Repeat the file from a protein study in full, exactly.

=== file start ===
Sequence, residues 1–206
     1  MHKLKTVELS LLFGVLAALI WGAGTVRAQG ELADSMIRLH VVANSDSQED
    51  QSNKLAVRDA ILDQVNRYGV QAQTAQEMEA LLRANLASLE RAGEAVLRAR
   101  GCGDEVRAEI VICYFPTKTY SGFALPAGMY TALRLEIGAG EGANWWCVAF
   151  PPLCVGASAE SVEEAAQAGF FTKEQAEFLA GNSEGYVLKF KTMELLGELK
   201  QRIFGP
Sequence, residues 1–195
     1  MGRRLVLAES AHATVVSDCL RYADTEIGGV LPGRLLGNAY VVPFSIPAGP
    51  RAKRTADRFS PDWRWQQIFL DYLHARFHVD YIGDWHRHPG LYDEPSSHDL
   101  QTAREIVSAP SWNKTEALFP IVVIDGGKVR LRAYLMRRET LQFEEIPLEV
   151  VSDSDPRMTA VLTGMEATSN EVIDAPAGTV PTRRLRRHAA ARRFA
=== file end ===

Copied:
Sequence, residues 1–206
     1  MHKLKTVELS LLFGVLAALI WGAGTVRAQG ELADSMIRLH VVANSDSQED
    51  QSNKLAVRDA ILDQVNRYGV QAQTAQEMEA LLRANLASLE RAGEAVLRAR
   101  GCGDEVRAEI VICYFPTKTY SGFALPAGMY TALRLEIGAG EGANWWCVAF
   151  PPLCVGASAE SVEEAAQAGF FTKEQAEFLA GNSEGYVLKF KTMELLGELK
   201  QRIFGP
Sequence, residues 1–195
     1  MGRRLVLAES AHATVVSDCL RYADTEIGGV LPGRLLGNAY VVPFSIPAGP
    51  RAKRTADRFS PDWRWQQIFL DYLHARFHVD YIGDWHRHPG LYDEPSSHDL
   101  QTAREIVSAP SWNKTEALFP IVVIDGGKVR LRAYLMRRET LQFEEIPLEV
   151  VSDSDPRMTA VLTGMEATSN EVIDAPAGTV PTRRLRRHAA ARRFA